2. Correct, I offer a 1.5% cooperating commission with my full service listings. A cooperating commission one might see in Victoria is 3.0%100k+1.5%balance so it is a $1,500 dollar difference. Having sold 38 listings last year I think 1.5% in this market doesn't affect the chances of a sale, in my opinion (others will disagree). In Toronto if one may see 2.5% cooperating commission on a frequent basis, 1.5% would be a bit of a spread. ($6,000 on a 600k home).

3. Open houses are a joke. Approximately 2% of buyers find a home at an open house (according to annual surveys we've done with the Victoria Real Estate Board). Probably half of that 2% would have booked a private showing if it were not for the open house. The half of the 2% that find it at an open house and wouldn't have booked a private showing probably find the home at the first open house for the property. Conclusion, first open house is relatively useless with a 1% chance of anything happening. Second or third open house is a completely useless in terms of actually selling the property; however, it may have benefits for the REALTOR®. I only do open houses if the seller asks me to, otherwise I don't do them (too busy showing property to buyers on the weekend).
Marko Juras, REALTOR® & Associate Broker @ Fair Realty, Victoria, BC - "I believe in a competitive marketplace and real estate commissions should be no exception."
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Speedy1 wrote:
May 25th, 2014 4:47 pm
Many years ago, one of the top realtors in Greater Vancouver Area (Bob Rennie) was quoted saying something to the effect that only friends and family pay regular commissions. He had to backtrack a bit on that a few days later, no doubt from pressure from realtor's association and other realtors.
A real estate association would never comment on a commission structure.
Marko Juras, REALTOR® & Associate Broker @ Fair Realty, Victoria, BC - "I believe in a competitive marketplace and real estate commissions should be no exception."
Deal Addict
Jun 29, 2007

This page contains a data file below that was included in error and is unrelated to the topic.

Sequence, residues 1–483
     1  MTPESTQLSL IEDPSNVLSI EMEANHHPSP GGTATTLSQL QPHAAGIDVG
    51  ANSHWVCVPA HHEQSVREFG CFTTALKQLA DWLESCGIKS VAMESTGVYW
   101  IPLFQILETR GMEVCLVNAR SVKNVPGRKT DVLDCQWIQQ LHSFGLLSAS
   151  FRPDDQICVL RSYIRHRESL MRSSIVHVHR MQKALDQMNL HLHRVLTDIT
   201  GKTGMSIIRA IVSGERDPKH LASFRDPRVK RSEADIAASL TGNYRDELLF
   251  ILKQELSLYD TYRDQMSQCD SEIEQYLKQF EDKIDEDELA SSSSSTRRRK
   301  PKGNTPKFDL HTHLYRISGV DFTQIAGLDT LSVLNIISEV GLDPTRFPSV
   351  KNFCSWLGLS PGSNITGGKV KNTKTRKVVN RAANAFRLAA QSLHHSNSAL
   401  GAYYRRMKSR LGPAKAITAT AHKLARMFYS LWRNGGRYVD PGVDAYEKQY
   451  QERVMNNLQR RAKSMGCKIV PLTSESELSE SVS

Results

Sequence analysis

4521 posts
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Yes, they would never do it publicly or directly. They would be in deep doo doo if they did that.
Captain_Ron5 wrote:
May 25th, 2014 4:49 pm
A real estate association would never comment on a commission structure.
Deal Addict
Jun 29, 2007
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I think that's quite rare. In most cases (80%-90%), realtors would prefer a sure quick commission over waiting for a higher offer and getting a slightly higher commission. For instance, difference in commission between $500k vs $550k or $1 million vs $1.1 million is minimal.

Likely reason for realtor to do that could be s/he wanted opportunity to double end the deal.
leoben wrote:
May 22nd, 2014 11:03 pm
i know of someone who got a decent offer in a buyer's market, whose agent insisted he reject the offer, then got no offers for months and could not sell the place. doesn't always work out.
Deal Addict
Jun 29, 2007
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Zoocasa will email you Toronto excellent sale price info everyday. I have been contacting them for past 3 months to see when they would offer the same info for Vancouver area. In fact, I just contacted them on Friday about this. They are working on it but still no definitive date when it will be available. Info from the tax agency (updated once or twice a year??) is not timely at all though. Market turns on a dime so it's very important to get up to date info.
dealguy2 wrote:
May 22nd, 2014 11:36 pm
The hardest part is price discovery. Sure many agents will flash around numbers to get your attention and your listing but will they actually spend the time and pull all comparables? Probably not unless they are really sure you're not just shopping agents.

In Victoria there is a parallel system to the stupid and useless realtor.ca website called pcs and vreb matrix that allows you to search for and track prices. If there's anything similar in Toronto I'd get access to it because it's very useful for price discovery purposes. In BC you can also access sales reported to the property tax agency which is highly useful to capture private sales. You have to watch the tax data though because some of the transactions are obvious deals between relatives where the prices are crazy low.
[OP]
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Aug 2, 2010
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Here 'n There
Captain_Ron5: Why aren't you like most of the other agents that want to charge more, not give cash back and talk with a forked tongue? You are refreshingly transparent about what you do and how you do it. Is it that you are actually making more income than you would if you charged the higher rates that other agents do?

Also, is the '30 minutes of homework and thought into selling or buying a house' that you mentioned originally refer to the choosing of the right agent or in terms of doing some of the work themselves and using your flat rate listing service? Because, if they are using your Full Service option I would think other than choosing you they don't have to put much thought into it as they are paying you to do all of the work.